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On the wikipedia page for Gamma function I saw an interesting formula $$ \lim_{n\to \infty} \frac{\Gamma(n+\alpha)}{\Gamma(n)n^\alpha} = 1 $$ for all $\alpha\in\Bbb C$. I couldn't find the source of this and searching here in MSE didn't provide the result I want.

Could anyone show me how this formula is derived?

I'm very inexperienced with properties/identities of $\Gamma$ so forgive me if this question is trivial.

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  • $\begingroup$ Use Stirlings Approximation. It's probably on that Wikipedia page. $\endgroup$ – Brevan Ellefsen Jan 16 at 22:46
  • $\begingroup$ So Stirlings approximation also works in complex case? Thank you, I didn't know that before. $\endgroup$ – BigbearZzz Jan 16 at 22:47
  • $\begingroup$ This follows from Gautschi's Inequality, which can be proven using the log-convexity of the Gamma function. $\endgroup$ – robjohn Jan 17 at 4:40
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The most usual derivation of this would involve the Stirling-Laplace asymptotic for $\Gamma(s)$. I'm mildly surprised that this wasn't explicitly worked out in Wiki, or some other easily accessible places on-line.

In fact, a much simpler approach obtains (a stronger version of) this asymptotic via "Watson's Lemma", which is itself easy to completely prove from simple things, going back over 100 years. In various places in the literature, the lemma is in fact called "the oft-reproven Watson's lemma". :)

The case you mention is a simple corollary of the very first example I wrote out in some notes on asymptotic expansions: http://www.math.umn.edu/~garrett/m/mfms/notes_2013-14/02d_asymptotics_of_integrals.pdf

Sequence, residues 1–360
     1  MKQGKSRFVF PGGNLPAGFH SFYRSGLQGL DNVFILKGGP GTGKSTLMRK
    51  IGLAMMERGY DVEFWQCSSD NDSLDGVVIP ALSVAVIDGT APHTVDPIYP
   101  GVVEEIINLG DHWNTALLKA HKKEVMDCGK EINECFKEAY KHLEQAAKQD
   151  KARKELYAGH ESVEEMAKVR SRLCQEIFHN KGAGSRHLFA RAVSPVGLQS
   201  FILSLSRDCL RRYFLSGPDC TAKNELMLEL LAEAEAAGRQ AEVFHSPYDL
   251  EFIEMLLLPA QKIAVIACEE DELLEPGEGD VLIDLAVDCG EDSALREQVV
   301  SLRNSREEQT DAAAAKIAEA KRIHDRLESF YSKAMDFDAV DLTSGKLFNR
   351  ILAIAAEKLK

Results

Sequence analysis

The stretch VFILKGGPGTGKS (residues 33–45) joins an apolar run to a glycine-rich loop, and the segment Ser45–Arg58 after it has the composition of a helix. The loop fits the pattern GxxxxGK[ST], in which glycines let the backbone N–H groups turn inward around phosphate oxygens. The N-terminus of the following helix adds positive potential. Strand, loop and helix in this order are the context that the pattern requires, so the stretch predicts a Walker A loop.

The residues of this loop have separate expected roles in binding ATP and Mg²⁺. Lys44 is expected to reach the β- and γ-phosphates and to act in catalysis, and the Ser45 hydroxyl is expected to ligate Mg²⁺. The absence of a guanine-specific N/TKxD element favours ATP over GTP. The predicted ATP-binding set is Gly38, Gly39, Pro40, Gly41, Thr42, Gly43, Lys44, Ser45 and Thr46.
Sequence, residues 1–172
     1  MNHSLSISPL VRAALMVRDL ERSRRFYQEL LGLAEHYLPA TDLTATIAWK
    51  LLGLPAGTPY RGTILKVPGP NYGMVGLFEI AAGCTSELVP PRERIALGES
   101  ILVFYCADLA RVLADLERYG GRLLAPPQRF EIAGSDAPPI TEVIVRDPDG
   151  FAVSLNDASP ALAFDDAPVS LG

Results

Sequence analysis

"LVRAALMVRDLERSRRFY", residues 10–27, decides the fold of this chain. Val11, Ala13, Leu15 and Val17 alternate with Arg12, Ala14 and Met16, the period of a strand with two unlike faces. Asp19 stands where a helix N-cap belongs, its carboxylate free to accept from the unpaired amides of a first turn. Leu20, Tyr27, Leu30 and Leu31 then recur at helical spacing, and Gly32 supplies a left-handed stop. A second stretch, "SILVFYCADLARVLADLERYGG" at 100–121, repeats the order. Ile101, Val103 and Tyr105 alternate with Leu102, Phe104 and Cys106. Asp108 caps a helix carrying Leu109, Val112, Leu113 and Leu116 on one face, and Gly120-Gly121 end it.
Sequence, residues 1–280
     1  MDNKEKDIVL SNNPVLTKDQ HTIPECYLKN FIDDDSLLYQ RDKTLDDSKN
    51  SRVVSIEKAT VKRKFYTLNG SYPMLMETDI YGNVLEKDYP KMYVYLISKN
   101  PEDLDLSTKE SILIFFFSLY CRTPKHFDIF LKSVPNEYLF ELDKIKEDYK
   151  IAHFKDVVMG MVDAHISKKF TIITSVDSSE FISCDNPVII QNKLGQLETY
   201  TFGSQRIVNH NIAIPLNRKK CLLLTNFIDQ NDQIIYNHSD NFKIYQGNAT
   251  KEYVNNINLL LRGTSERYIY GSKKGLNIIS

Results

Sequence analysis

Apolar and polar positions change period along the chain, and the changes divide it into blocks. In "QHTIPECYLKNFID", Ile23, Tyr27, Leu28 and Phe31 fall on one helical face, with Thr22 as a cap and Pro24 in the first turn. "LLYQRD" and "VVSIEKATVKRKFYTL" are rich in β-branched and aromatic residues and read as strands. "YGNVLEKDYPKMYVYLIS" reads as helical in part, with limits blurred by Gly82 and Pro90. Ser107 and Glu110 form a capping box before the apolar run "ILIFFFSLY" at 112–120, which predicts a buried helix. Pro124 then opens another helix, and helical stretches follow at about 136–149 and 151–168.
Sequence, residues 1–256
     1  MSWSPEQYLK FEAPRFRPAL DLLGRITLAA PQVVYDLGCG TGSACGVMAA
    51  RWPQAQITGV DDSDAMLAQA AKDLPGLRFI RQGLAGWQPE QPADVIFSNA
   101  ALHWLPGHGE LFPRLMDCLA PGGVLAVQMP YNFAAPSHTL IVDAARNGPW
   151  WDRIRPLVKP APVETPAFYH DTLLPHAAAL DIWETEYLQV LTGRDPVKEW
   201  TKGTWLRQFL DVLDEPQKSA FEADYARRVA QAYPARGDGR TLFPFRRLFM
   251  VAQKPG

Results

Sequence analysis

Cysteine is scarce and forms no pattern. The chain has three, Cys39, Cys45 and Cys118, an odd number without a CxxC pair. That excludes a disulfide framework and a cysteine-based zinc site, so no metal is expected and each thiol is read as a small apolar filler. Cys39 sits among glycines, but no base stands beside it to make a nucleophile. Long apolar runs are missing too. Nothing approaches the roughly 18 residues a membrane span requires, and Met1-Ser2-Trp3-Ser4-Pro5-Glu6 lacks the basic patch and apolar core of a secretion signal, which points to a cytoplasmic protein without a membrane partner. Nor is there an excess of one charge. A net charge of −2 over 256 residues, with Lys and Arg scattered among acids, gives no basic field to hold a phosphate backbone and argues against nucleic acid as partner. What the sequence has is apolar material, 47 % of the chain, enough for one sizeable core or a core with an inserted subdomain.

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    $\begingroup$ Thank you for you answer. By the way, your link doesn't work for me for some reason. $\endgroup$ – BigbearZzz Jan 16 at 22:53
  • $\begingroup$ Oop, let me try to repair the link... $\endgroup$ – paul garrett Jan 16 at 23:03
  • $\begingroup$ I think it works now... :) $\endgroup$ – paul garrett Jan 16 at 23:04
  • $\begingroup$ Now it also works perfectly for me. Thanks! $\endgroup$ – BigbearZzz Jan 16 at 23:16
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$\newcommand{\bbx}[1]{\,\bbox[15px,border:1px groove navy]{\displaystyle{#1}}\,} \newcommand{\braces}[1]{\left\lbrace\,{#1}\,\right\rbrace} \newcommand{\bracks}[1]{\left\lbrack\,{#1}\,\right\rbrack} \newcommand{\dd}{\mathrm{d}} \newcommand{\ds}[1]{\displaystyle{#1}} \newcommand{\expo}[1]{\,\mathrm{e}^{#1}\,} \newcommand{\ic}{\mathrm{i}} \newcommand{\mc}[1]{\mathcal{#1}} \newcommand{\mrm}[1]{\mathrm{#1}} \newcommand{\pars}[1]{\left(\,{#1}\,\right)} \newcommand{\partiald}[3][]{\frac{\partial^{#1} #2}{\partial #3^{#1}}} \newcommand{\root}[2][]{\,\sqrt[#1]{\,{#2}\,}\,} \newcommand{\totald}[3][]{\frac{\mathrm{d}^{#1} #2}{\mathrm{d} #3^{#1}}} \newcommand{\verts}[1]{\left\vert\,{#1}\,\right\vert}$

Stirling Asymptotic: $\ds{N! \sim \root{2\pi}\, N^{N + 1/2}\expo{-N}}$ as $\ds{\verts{N} \to \infty}$.

\begin{align} \left.\lim_{n \to \infty}{\Gamma\pars{n + \alpha} \over \Gamma\pars{n}n^{\alpha}}\,\right\vert_{\ \alpha\ \in\ \mathbb{C}} & = \lim_{n \to \infty}{\pars{n + \alpha - 1}! \over \pars{n - 1}!\, n^{\alpha}} \\[5mm] & = \lim_{n \to \infty}{\root{2\pi}\pars{n + \alpha - 1}^{n + \alpha - 1/2}\expo{-\pars{n + \alpha - 1}} \over \bracks{\root{2\pi}\pars{n - 1}^{n - 1/2}\expo{-\pars{n - 1}}}\, n^{\alpha}} \\[5mm] & = \lim_{n \to \infty}{n^{n + \alpha - 1/2}\, \bracks{1 + \pars{\alpha - 1}/n}^{n + \alpha - 1/2}\,\expo{-\alpha} \over \bracks{n^{n - 1/2}\pars{1 - 1/n}^{n - 1/2}}\, n^{\alpha}} \\[5mm] & = \expo{-\alpha}\lim_{n \to \infty} {\bracks{1 + \pars{\alpha - 1}/n}^{n} \over \pars{1 - 1/n}^{n}} \\[5mm] & = \expo{-\alpha}\,{\expo{\alpha - 1} \over \expo{-1}} = \bbx{1} \end{align}